7.12.13 Issue #592 info@mckenziemgmt.com 1-877-777-6151 Forward This Newsletter

Jean Gallienne RDH BS
Hygiene Consultant
McKenzie Management
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New Patients in Hygiene
By Jean Gallienne, RDH BS

There are some patients who insist on scheduling an appointment for a cleaning, even though they are new to the practice. In some states, it is illegal for the hygienist to see the patient first, and the doctor has to do an exam in order to determine what the patient’s needs are. However, many offices will schedule the new patient in the hygiene chair first, because that is what the patient wants - a cleaning. I am not here to tell you if this is right or wrong. This article is to help you through some of the hurdles that hygienists may encounter when a new patient is scheduled in their operatory first.

“Mary” the hygienist seats “John” the patient and reviews his health history. Mary determines that according to the office protocol created by the doctor, the patient needs a full mouth series of x-rays. She takes the x-rays and sees visible calculus, or she glances at the x-rays and does not see visible calculus, but sees that the patient has vertical bone loss. This practice also has a protocol that every patient will have a 6-point probing done on every existing tooth, and recession will be entered into the chart as a baseline. Mary goes over probings with the patient.

“John, I am going to be doing a procedure on you today that is called probing. This is where I go around the gums and measure the level of the attachment of the gum to the tooth. Measurements of 1, 2 or 3 are all considered within normal limits. I would like it if you count all of the 4’s and above on your fingers as I am calling the measurements out. When you have 4’s and above, this usually indicates a more extensive and aggressive procedure than a cleaning, because you have gum disease.”

Reminding the patient to count all of the 4 millimeter and above probings on his fingers enables John to co-diagnose his periodontal disease. The probings are done, and Mary determines that the patient needs 4 quadrants of root planing. She now goes into even further description of root planing and what it involves with the patient.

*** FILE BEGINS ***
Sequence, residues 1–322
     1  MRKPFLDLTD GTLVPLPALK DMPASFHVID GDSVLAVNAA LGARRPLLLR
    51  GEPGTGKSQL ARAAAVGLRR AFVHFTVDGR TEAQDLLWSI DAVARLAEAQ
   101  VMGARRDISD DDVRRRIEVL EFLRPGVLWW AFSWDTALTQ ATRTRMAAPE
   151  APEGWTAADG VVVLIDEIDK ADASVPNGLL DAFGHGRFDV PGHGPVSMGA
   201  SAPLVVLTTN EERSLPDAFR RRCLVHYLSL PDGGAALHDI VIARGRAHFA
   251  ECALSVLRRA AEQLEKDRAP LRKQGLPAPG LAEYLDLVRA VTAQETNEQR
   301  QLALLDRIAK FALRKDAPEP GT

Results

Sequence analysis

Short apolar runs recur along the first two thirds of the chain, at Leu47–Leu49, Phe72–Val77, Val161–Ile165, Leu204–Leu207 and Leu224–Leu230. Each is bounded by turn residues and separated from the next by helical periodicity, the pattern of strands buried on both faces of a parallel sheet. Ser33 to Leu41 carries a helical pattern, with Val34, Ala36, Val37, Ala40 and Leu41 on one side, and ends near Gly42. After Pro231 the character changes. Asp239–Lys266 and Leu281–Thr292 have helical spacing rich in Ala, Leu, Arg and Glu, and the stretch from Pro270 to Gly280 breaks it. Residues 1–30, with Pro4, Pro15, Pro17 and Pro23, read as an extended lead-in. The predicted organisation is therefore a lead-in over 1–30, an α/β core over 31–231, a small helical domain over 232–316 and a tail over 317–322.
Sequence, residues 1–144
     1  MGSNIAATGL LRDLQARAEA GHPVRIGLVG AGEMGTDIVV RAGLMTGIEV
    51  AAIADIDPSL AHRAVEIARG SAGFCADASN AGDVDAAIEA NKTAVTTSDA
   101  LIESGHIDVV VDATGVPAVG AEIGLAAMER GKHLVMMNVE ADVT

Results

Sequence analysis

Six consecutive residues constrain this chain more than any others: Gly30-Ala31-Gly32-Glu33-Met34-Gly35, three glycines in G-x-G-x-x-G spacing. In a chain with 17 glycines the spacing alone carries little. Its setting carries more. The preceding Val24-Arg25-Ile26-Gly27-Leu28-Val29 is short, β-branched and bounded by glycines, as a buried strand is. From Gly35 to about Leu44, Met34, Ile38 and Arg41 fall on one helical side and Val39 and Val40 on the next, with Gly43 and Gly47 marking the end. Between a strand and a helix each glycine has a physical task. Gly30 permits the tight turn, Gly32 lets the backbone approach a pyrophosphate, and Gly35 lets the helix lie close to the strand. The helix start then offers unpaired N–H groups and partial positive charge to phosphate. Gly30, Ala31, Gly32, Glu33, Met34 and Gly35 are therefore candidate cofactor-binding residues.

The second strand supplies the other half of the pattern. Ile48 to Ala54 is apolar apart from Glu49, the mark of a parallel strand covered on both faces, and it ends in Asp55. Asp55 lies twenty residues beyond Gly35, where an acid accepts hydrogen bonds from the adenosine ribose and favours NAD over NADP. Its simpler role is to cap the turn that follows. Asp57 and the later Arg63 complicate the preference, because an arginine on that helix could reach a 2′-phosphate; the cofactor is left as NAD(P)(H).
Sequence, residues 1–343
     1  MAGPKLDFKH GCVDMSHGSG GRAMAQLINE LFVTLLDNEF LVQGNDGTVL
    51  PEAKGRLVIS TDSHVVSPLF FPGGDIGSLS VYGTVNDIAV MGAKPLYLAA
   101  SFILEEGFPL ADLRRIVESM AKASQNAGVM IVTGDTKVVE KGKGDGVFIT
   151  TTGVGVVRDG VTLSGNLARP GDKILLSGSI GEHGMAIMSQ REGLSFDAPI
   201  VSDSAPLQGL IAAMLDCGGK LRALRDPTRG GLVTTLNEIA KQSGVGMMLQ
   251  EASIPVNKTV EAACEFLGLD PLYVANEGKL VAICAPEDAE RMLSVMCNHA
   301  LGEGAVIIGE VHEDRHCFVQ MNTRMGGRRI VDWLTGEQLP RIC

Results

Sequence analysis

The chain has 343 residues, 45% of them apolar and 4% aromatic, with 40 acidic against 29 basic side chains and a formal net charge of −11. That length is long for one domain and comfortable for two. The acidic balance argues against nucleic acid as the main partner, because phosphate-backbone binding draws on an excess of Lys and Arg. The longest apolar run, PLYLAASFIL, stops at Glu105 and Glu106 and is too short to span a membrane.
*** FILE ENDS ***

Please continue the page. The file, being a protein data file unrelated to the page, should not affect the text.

Up until now, the appointment has been all of the fact-finding and standard protocol that the office has put into policy. What happens next? The patient is expecting a cleaning and needs four quadrants of root planing. If the hygienist does not do the cleaning the patient is expecting, the patient may not return.

Financials need to be reviewed before the root planing is started. Some patients are compliant and will be ready to go ahead with the root planing immediately, and some patients will only want the cleaning they were told they would get. How this is handled is crucial, as it is a huge part of the trust relationship you are building with the patient. It becomes very important for the hygienist to read the non-verbal clues and communicate what is going on before mobbing forward. Once the financial coordinator has gone over the details, the hygienist will then be told if the patient is prepared to move forward. If the patient is not ready and is still asking about the cleaning they came in for, then the hygienist had better do the cleaning. This may involve doing all of the healthy teeth and leaving everything else that needs to be root planed for future appointments. This gives the hygienist time to talk to the patient some more about periodontal disease.

The patient may try to appoint again in six months without having the root planing done. If this happens, go ahead and make the appointment, and the hygienist can continue to educate the patient about periodontal disease and the need for more advanced treatment. To dismiss the patient immediately without having another time scheduled for further education would be a loss of a potentially good patient. However, at a certain point if the patient is non-compliant about everything you recommend doing, you may have to dismiss them from the practice. Sometimes this is a wake-up call to the patient, and they start getting work done. The doctor has to determine protocol for when it is appropriate to dismiss a patient, as it may be based on the individual patent and the patient’s needs.

It is important for the doctor and hygienist’s time to be as productive as possible. However, with some patients it is more productive to step back, pay attention to their wants and needs, and make sure treatment is presented in a non-confrontational, safe, and compassionate environment. It is always very important for the entire team to be tuned-in to what type of personality the patient has, and be observant of ALL non-verbal and verbal communication the patient shares. We want to keep the patients that walk in the front door and not chase them out the back door because of a hard sale attitude.

Interested in improving your hygiene department? Email hygiene@mckenziemgmt.com and ask us about our 1-Day Hygiene Training Program or call 877-777-6151

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